After the Flames: The Science Behind the Eagle Creek Fire Response​

When: Wednesday, April 18, 2018
Doors at 6:00pm, event at 7:00pm

Cost: $15* general admission,
$8 students with ID (minors under 21 with parent/guardian only)
Buy Tickets Online or at the Alberta Rose box office

Food and Drink: Full Bar, hand pies, pizza rolls, and an assortment of sweets and snacks available.

Science on Tap is a science lecture series where you can sit back, enjoy a pint, and laugh while you learn. Listen to experts talk about the science in your neighborhood and around the world. You don’t have to be a science geek to have fun—all you need is a thirst for knowledge!

We all watched in horror as our beloved Columbia Gorge burned last year. Within days of firefighters gaining control of the Eagle Creek Fire​ ​in mid-September 2017, scientists and specialists were quickly dispatched to investigate the extent of the damage. Members of​ ​a U.S. Forest Service Burned Area Emergency Response (BAER) team explored the​ ​impacted area to assess potential​ ​threats to human health and safety, concerns for damage to property, and potential impairment to natural or cultural resources, including the likelihood of future hazards like flooding and landslides. Steven Sobieszczyk joined that team​ as a BAER trainee. At this Science on Tap, hear his story about the results of those working on the science behind the Eagle Creek Fire response.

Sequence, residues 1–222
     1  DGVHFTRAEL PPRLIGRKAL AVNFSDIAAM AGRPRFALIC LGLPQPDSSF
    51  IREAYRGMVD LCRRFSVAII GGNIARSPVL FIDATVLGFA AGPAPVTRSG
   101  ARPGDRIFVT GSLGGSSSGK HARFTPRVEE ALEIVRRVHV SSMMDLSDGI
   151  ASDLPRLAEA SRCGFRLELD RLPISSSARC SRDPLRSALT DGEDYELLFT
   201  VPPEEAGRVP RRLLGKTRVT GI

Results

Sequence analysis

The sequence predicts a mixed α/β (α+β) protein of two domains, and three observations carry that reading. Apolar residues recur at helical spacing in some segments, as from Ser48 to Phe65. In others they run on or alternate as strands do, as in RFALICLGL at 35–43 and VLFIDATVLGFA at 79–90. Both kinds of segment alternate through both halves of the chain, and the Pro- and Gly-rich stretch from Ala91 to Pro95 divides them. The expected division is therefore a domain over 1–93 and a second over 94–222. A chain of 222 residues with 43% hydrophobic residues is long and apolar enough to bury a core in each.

Steve is a​ ​Hydrologist at U​.​S​ Geological Survey​. He has degrees in landslide engineering geology and geographic information systems (GIS). He began his career with a brief stint at NASA before moving out west to model landslide and seismic hazards in northern California. Steve eventually settled in Portland, OR, in 2002 and has been studying watersheds in Oregon ever since. ​His interests​ ​focus on all things dirt,​ including ​landslides, water quality, and stream ecosystems. ​In addition to doing science, Steve is a​n advocate for science communication, mentors STEM students, and doodles Pokemon on his kids’ lunch napkins.